If one term was going to be used when discussing performances at Carrow Road this season, that would be the buzzword.
Make no mistake, Norwich displayed clear progression during that first half but the lack of ideas offensively and the continuation of lateral passing underlines the key issues which have existed throughout this campaign. Norwich could have been comfortable and had an unassailable lead but ultimately the limp and lacklustre offensive display hindered the opportunity to gain three points.
Any murmur of an ascent towards the playoffs has now been replaced with acceptance of the location of their position. This game, in a nutshell, displays why Norwich won’t stray beyond the comfort of mid table. Supporters were given a cold, hard dose of reality after two last gasp equalisers in a week.
The defensive solidarity and heart of this side is undeniable. But the sluggishness and lack of intensity reinforced the struggles at the top end of the pitch.
Poor finishing aside, Norwich’s inability to move through the gears and probe with intent was the prominent reason for the lack of goals. Norwich’s laboured efforts allowed Bolton to defend deeply without any cause for concern.
When Nelson Oliveira’s reverse pass cut through the Bolton rearguard, Moritz Leitner had the goal at his mercy. The outcome was seemingly inevitable. His finish left a lot to be desired. It lacked confidence and composure. From there on in, it appeared to be one of those days for Norwich.
Leitner opted for an out swinging finish when placement or power would have more appropriate. Little did Norwich supporters know they would rue this gilt-edged chance from the German.
Maddison hit the post. Hanley headed a free kick wide. Oliveira was thwarted by an outstanding save. Norwich had the chances, but once again lacked the conviction required to propel them to victory.
This is the seventh draw in seventeen home games for Norwich. They have not drawn more at Carrow Road since the 1998-99 season. They have acquired nine points from games against the current bottom six.
There lies the issue. Bolton failed to offer any ounce of offensive threat, yet the manner in which Phil Parkinson configured his side made it difficult for Norwich to play between the thirds.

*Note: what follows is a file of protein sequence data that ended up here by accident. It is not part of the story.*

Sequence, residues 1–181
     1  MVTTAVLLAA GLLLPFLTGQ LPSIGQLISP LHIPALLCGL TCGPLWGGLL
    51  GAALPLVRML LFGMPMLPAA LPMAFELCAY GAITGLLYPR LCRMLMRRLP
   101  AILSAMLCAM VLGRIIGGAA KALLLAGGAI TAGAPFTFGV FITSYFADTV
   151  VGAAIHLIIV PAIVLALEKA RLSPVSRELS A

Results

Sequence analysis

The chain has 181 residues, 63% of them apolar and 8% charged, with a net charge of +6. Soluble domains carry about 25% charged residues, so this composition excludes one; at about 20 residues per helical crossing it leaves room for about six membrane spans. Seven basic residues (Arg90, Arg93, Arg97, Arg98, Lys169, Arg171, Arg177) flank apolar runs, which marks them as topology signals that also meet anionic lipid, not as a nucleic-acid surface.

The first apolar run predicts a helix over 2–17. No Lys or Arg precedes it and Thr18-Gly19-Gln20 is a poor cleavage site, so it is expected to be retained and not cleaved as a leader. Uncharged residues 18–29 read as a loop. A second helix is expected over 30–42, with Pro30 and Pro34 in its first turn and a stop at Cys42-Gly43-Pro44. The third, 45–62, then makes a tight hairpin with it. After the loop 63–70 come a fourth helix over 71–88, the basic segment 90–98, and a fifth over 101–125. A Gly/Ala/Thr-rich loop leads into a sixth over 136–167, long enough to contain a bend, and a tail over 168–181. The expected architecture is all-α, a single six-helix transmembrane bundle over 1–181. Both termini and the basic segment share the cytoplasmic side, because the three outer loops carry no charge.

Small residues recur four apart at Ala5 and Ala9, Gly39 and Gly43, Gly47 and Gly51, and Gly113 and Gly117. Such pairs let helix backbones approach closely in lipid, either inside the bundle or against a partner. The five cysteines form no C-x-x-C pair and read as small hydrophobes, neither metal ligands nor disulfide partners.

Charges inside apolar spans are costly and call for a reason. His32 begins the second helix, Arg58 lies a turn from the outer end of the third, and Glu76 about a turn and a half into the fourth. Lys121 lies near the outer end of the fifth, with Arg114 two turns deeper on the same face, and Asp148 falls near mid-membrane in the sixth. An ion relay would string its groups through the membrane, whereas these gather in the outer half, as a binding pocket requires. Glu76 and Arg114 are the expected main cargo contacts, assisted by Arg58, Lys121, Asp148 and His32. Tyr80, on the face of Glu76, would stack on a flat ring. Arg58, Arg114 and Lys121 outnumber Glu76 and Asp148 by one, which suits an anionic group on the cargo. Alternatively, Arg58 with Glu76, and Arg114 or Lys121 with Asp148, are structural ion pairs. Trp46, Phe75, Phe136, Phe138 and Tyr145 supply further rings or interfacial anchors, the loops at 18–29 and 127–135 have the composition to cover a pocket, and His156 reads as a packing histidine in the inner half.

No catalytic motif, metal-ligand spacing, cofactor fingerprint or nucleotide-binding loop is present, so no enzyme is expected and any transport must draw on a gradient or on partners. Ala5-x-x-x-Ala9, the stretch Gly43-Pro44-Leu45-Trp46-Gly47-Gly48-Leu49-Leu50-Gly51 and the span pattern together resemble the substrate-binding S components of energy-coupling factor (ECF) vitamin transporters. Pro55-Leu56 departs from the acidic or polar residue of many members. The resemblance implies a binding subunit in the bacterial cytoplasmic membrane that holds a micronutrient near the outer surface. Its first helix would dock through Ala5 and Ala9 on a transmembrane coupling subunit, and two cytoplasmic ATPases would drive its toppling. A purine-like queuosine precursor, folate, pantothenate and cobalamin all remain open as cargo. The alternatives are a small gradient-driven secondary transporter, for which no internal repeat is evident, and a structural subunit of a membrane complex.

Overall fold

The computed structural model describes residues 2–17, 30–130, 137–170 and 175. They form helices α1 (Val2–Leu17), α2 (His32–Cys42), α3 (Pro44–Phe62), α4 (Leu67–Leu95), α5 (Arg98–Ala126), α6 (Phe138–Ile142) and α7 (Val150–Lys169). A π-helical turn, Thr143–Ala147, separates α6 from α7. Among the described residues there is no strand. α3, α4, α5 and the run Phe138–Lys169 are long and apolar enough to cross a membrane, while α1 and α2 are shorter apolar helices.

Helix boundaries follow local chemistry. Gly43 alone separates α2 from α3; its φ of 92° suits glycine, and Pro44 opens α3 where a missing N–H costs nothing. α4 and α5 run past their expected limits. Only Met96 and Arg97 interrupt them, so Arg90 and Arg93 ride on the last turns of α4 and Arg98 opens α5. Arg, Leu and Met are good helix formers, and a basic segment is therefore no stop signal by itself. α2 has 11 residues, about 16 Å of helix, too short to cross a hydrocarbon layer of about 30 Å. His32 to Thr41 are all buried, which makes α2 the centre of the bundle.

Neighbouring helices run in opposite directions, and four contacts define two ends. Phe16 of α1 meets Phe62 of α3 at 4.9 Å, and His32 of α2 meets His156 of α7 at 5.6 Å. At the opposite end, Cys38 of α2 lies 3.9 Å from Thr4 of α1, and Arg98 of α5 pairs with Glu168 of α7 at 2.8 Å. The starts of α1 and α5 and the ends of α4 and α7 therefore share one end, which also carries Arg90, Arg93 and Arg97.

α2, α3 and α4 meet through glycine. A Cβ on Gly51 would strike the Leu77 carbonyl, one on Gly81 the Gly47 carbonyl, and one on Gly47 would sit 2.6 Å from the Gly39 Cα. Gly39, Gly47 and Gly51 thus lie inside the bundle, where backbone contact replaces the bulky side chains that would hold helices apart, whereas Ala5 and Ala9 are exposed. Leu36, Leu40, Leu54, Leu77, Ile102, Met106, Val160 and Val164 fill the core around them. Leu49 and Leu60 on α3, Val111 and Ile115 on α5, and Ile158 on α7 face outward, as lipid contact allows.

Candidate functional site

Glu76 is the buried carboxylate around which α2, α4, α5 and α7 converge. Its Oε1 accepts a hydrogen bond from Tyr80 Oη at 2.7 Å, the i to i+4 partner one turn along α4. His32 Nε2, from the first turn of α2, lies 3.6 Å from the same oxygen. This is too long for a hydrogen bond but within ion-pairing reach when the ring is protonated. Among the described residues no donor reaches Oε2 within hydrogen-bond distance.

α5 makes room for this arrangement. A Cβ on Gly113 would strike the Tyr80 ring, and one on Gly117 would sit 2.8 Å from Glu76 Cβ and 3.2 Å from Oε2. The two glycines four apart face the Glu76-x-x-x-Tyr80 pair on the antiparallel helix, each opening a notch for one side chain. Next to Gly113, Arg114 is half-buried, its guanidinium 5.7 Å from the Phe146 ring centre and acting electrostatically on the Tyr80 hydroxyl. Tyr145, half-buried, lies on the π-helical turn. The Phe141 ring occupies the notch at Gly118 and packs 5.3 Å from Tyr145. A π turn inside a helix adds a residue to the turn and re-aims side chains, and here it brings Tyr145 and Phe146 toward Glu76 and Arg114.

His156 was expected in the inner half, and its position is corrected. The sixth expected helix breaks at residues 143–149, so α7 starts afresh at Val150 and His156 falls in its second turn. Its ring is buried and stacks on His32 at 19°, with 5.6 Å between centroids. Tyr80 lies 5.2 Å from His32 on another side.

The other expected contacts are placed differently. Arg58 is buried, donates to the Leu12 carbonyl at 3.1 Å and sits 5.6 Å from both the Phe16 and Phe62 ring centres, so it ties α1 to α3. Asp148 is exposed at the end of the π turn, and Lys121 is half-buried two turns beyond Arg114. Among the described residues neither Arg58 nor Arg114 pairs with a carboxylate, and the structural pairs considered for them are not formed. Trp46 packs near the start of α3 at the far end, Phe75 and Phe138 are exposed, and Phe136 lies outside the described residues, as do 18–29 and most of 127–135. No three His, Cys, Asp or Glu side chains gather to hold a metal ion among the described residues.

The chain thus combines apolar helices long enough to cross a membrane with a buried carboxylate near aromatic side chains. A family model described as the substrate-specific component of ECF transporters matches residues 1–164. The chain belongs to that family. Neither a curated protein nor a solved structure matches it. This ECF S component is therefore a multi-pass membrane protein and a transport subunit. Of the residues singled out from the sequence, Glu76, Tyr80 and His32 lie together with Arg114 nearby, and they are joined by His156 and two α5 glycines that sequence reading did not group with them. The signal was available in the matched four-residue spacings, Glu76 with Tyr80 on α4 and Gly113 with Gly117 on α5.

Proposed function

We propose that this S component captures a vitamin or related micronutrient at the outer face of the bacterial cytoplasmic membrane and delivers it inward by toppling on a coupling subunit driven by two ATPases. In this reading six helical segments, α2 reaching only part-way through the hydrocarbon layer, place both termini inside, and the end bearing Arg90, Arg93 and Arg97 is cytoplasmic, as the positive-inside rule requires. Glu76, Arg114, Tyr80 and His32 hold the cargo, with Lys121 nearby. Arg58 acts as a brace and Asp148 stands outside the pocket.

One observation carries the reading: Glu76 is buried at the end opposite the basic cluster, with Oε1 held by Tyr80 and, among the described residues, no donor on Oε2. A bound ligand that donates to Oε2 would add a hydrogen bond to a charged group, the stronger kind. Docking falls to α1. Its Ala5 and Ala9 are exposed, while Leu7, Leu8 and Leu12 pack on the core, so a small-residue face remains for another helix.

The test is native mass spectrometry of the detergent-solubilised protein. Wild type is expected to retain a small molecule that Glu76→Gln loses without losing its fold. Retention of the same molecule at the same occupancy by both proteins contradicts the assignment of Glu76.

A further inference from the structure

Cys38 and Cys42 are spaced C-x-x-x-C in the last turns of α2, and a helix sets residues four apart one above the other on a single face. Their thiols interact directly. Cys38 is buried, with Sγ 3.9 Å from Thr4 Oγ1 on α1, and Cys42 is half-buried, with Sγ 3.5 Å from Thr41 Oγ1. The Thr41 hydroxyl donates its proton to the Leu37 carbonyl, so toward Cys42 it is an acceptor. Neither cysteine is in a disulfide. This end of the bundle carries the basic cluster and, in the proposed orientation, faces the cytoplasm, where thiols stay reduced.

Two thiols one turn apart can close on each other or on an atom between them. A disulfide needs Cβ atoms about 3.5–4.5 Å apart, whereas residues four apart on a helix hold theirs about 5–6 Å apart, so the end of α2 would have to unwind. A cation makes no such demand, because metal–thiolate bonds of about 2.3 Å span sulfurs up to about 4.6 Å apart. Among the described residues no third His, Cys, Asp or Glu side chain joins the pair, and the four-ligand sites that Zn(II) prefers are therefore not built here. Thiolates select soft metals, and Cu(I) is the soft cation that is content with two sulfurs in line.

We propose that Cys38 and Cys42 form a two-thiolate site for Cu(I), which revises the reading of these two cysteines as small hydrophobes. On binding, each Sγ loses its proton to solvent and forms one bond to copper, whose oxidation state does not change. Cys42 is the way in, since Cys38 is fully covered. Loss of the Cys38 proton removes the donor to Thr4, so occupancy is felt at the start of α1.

In the early exchanges, Norwich were superior to their visitors and the distance within their midfield allowed Norwich to combine at will on the edge of the box. Yet, Parkinson adjusted his sides approach during the interval and made them defend deeper. They resembled a coherent defensive unit.
They had experience flowing throughout their side, no one more so than Darren Pratley. Bolton’s overall lack of mobility was prominent throughout the game but their captain lacked any ounce of technical ability. Pratley seemed content with persistently fouling opponents with a style which appeared more akin to rugby.
Parkinson’s pragmatism was worthy of a point.
The manner in which their back three conducted their duties was phenomenal. After hanging on in the first half, the Trotters matched the hosts stride for stride in the second half and counteracted Norwich’s style with defensive resolve.
Their style wasn’t pretty, nor did it make for an attractive spectacle, but it was effective and when in the midst of a relegation dogfight, points mean security. This result moves Wanderers four points clear of the relegation zone.
When Farke kicked the ball away in frustration, it seemed to sum up the feeling inside Carrow Road as the fixture progressed. Bolton, understandably, continued to manage time and negotiate the fixture to its conclusion.
It could have been an afternoon full of goals and supremacy but it fell short of the dominance the Carrow Road crowd was waiting for.
This disequilibrium is something which desperately requires fixing. Farke is yet to achieve a coherent and sustainable balance between defensive elements and offensive elements whereby Norwich can both score and defend competently.
But optimism must be taken from the quality of football displayed in that opening period. It was arguably the best 45 minutes home supporters have witnessed and definitely the closest Norwich has looked to Farke’s proposed philosophy. This may have been a microcosm of the season to date, but there was graphic evidence Norwich can carve sides open with this style.
This result was met with contrasting emotions to those that the draws against Wolves and Ipswich had provided. If Norwich required evidence that there is still work to do to adjust to the rigours and the less technical sides who pose alternate threats, they had it here.
This is a transition and one which everyone is aware of. Saturday witnessed the multifaceted stages of it. The first half was a clear representation of how Farke envisages his side playing.
The second half illustrated the work which is still left to do, but City did at least create some chances and on another day, this would have a different outcome.
Transition, yes, but this was a frustrating afternoon in NR1.